The Heritage Foundation, the massive “think tank” at the heart of the powerful political and policy infrastructure built by right-wing funders over the past five decades, announced Monday that it had created a National Coronavirus Recovery Commission to help America “save lives and livelihoods” and discover “the steps needed to move prudently toward recovery.” Ronald Reagan’s snarky anti-government quip that the nine most terrifying words in the English language are, “I’m from the government, and I’m here to help” might well be applied to the Heritage Foundation giving itself the job of helping the U.S. recover from the current crisis.
At a time when frontline medical workers risk their lives without access to protective gear, and states are forced by the administration to compete with each other in the profiteering marketplace for scarce life-saving medical supplies, Heritage is here to draw us an economically libertarian, small-government “road map to America’s post-pandemic future.”
The new commission—which is holding its first videoconference meeting this Thursday, Apr. 9—will compile “a final report for presentation to the American people and their policymakers.”
Heritage has a long history of preparing right-wing policy road maps beginning with the “Mandate for Leadership” that President Reagan used as his anti-tax, anti-regulation, anti-government guide to begin rolling back decades of policies grounded in the New Deal and its progressive successors.
In the months before the emergence of the COVID-19 pandemic, Heritage was publishing arguments against both Medicare for All and “public option” proposals for a public alternative to private insurance, while warning Americans not to look fondly at Canada’s national health care system. Heritage has urged states not to expand Medicaid coverage under the Affordable Care Act.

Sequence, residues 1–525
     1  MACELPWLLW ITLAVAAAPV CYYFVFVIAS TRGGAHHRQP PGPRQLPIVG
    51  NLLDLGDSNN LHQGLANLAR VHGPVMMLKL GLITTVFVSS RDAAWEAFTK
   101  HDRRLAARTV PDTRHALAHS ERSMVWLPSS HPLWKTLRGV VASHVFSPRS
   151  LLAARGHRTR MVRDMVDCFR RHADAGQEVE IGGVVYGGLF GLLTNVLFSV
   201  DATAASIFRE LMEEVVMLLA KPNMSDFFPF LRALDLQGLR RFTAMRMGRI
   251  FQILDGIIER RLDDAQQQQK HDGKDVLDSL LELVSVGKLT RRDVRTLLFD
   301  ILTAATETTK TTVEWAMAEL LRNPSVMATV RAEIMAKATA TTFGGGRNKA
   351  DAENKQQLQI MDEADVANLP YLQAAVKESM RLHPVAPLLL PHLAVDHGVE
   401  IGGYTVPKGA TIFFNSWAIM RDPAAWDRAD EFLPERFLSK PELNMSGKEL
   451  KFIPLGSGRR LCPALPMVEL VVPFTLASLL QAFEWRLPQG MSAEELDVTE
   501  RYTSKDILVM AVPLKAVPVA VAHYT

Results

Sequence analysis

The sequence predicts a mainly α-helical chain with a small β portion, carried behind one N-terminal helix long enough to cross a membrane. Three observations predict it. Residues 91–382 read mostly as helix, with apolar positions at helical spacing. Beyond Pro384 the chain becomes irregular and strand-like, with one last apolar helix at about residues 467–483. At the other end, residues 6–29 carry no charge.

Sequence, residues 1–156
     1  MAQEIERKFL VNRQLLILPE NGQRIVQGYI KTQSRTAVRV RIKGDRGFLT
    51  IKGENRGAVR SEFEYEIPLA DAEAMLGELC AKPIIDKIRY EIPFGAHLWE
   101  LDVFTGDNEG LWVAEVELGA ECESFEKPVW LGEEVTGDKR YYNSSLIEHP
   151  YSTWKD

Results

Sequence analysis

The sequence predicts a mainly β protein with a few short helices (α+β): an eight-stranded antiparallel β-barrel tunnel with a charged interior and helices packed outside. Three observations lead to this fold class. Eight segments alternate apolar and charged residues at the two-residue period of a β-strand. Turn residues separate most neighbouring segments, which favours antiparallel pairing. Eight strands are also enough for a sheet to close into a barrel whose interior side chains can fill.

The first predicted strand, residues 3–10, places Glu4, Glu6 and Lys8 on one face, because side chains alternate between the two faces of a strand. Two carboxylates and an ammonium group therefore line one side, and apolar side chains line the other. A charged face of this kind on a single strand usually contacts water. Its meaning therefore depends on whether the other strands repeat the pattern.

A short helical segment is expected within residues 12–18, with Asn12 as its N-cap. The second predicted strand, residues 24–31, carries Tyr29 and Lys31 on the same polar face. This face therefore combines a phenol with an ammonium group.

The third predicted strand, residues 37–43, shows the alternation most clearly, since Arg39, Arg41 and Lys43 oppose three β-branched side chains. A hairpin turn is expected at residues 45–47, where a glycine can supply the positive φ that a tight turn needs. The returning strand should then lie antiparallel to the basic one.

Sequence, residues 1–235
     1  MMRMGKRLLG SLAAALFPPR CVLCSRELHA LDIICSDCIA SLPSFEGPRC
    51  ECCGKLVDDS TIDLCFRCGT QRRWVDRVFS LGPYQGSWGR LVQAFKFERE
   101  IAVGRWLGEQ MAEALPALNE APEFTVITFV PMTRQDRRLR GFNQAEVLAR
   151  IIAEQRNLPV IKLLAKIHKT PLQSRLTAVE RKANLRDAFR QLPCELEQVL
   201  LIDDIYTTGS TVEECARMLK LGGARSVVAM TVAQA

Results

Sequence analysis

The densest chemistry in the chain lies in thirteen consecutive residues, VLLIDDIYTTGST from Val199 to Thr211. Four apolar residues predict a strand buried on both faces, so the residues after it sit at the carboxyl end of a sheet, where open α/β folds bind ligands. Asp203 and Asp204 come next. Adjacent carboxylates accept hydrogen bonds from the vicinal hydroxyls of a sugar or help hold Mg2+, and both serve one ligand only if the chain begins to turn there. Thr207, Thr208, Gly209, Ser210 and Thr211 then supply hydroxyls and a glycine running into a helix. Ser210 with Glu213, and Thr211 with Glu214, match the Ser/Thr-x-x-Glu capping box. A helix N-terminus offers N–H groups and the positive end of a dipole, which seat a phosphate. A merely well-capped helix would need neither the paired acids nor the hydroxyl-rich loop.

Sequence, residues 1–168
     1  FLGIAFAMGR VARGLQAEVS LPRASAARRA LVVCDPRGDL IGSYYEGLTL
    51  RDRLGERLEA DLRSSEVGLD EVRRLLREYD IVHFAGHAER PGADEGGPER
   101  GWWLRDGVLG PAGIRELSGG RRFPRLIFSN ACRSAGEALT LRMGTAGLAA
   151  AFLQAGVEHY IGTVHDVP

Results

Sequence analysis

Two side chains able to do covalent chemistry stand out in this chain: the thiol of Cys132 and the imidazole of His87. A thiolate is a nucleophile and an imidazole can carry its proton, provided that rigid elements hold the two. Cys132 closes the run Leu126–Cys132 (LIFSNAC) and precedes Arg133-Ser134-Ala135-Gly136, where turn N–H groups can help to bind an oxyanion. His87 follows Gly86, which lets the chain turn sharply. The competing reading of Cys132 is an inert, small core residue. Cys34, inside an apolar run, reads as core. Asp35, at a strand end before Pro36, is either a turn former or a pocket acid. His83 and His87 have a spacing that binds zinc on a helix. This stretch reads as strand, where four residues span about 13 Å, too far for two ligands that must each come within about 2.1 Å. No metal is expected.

It’s important to note that the Heritage Foundation’s anti-regulation approach to economics doesn’t apply to social policy, where Heritage zealously promotes a religious-right agenda of opposition to legal equality for LGBTQ Americans and abortion. It has cheered the Trump administration’s efforts to restrict access to abortion and pushed the administration and anti-choice lawmakers to do more to make federal policy grant legal protection to fertilized eggs from the moment of conception.
In fact, for years the Heritage Foundation attempted to define actual libertarians out of the conservative movement by insisting that true conservatives must embrace right-wing policies on family and culture as well as economics. One fruit of this “Indivisible” project was a booklet in which people traditionally associated with economic policy issues wrote about family and cultural issues and vice versa. So, for example, it includes an essay by anti-LGBTQ activist Harry Jackson about the evils of minimum wage laws, which he wrote are a form of coercion of employers that “reminds me of slavery.”
The commission will be “spearheaded” by Heritage Foundation President Kay Coles James. Among the “commissioners” on Heritage’s self-proclaimed “national” coronavirus commission are Edwin Fuelner, the founder of the Heritage Foundation; John Allison, former president of the libertarian Cato Institute; former Virginia governor and senator George Allen, who is now affiliated with the right-wing Young America’s Foundation; Hispanic evangelical leader Samuel Rodriguez, a Trump supporter who blesses right-wing economic policy as biblically grounded; former Sen. Bill Frist of Tennessee; former Rep. J.C. Watts of Oklahoma; “school choice” advocate Kevin Chavous; and other business leaders and conservative advocates. Two Heritage Foundation leaders who did stints in the Trump administration are serving as co-executive directors of the commission, Charmaine Yoest, vice president of the Institute for Family, Community, and Opportunity, and Paul Winfree, director of the Thomas A. Roe Institute for Economic Policy Studies.